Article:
The Boston Globe | By Katheleen Conti
December 25, 2016
An office high atop the Financial District used to be one of the undisputed status symbols of Boston’s business world. Now it’s getting a little lonely at the top.
Nearly 20 percent of the office space on the top floors of buildings in the Financial District is vacant, as the city’s blue-chip companies increasingly trade lofty downtown aeries for new but lower-level digs in the trendy Seaport District.
Data from the Boston office of Colliers International show that vacancy rates for the upper reaches of buildings in the Financial District — floors 20 and above — are at their highest in nearly a decade. And as a whole, the Financial District lost more tenants per square foot in 2016 than any other area in the city, ending up with nearly 850,000 more square feet of vacant space than in 2015.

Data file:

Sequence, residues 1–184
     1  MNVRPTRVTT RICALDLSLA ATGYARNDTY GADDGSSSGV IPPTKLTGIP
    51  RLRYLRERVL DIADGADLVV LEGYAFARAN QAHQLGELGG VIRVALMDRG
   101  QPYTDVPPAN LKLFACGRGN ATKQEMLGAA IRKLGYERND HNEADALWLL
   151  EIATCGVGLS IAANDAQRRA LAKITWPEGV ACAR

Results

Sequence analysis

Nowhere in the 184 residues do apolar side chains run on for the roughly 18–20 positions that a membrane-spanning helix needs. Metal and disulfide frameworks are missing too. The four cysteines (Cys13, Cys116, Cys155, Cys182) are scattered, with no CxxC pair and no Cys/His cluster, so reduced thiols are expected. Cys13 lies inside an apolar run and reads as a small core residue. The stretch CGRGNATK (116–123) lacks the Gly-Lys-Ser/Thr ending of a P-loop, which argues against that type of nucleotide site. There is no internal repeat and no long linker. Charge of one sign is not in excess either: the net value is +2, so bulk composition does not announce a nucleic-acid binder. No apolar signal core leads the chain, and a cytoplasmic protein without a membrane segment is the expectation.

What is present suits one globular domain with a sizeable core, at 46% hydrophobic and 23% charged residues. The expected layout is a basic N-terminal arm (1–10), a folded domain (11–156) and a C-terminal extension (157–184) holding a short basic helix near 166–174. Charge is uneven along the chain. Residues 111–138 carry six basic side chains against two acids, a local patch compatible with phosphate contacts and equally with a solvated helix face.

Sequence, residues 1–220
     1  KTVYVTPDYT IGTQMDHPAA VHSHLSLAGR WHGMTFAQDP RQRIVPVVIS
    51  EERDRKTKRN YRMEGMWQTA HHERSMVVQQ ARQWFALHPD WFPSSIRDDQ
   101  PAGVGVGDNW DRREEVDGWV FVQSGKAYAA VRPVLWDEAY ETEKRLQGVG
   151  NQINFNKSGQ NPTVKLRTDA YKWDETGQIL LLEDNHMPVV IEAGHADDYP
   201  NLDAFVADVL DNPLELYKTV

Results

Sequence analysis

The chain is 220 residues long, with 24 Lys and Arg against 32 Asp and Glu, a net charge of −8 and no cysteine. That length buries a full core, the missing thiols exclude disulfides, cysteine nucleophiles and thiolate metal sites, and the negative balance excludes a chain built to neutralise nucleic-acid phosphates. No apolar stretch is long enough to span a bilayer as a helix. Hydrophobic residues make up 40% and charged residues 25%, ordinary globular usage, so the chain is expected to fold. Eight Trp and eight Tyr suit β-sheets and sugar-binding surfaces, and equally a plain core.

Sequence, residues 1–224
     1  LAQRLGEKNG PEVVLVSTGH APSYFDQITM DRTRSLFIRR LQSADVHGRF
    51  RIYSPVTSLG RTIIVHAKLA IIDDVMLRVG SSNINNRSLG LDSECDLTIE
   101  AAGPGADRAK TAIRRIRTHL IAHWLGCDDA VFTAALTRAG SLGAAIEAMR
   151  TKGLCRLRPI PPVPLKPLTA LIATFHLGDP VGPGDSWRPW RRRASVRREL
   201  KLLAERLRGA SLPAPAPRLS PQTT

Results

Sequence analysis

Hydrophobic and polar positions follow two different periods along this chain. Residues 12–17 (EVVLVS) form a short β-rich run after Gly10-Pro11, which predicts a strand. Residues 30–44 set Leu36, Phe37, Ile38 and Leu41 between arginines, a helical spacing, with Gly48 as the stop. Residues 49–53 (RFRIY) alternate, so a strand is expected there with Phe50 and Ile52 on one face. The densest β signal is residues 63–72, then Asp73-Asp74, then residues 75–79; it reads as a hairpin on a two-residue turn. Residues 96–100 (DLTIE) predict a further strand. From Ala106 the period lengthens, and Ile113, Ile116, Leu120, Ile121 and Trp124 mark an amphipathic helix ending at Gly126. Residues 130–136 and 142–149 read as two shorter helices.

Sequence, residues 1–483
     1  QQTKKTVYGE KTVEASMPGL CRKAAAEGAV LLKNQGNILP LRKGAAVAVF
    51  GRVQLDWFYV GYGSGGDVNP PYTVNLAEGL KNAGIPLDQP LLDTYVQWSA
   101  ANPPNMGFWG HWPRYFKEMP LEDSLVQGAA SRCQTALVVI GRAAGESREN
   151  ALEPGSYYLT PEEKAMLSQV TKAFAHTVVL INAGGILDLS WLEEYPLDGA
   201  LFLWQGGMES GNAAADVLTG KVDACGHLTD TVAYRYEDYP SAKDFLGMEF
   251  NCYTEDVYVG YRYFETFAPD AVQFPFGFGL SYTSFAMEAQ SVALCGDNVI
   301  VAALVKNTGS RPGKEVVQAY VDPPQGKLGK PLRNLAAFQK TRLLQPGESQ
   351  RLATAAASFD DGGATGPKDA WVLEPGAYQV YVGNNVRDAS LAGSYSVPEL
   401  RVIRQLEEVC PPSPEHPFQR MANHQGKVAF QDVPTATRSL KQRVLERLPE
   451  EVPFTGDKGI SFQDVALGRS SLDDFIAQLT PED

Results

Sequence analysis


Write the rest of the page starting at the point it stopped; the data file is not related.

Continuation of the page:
The Seaport District remains the new “it” address, with companies leasing an additional 400,000 feet of office space in 2016. They include tech companies and old-line businesses, such as the century-old law firm Goodwin, which left its State Street location for 100 Northern Ave.
Other downtown firms trekking across Fort Point Channel for more modern digs include accounting and consulting firms PricewaterhouseCoopers and Boston Consulting Group.
“The Seaport is a truly competitive submarket and has been a draw for tenants from the Financial District,” said Aaron Jodka, director of research at Colliers. “It represents a change in the dynamic within the Financial District itself. Historically, high-rise space is the top-choice space. Firms are [now] paying more attention to their lease costs and have been focusing on the middle of the building or lower portions of the building.”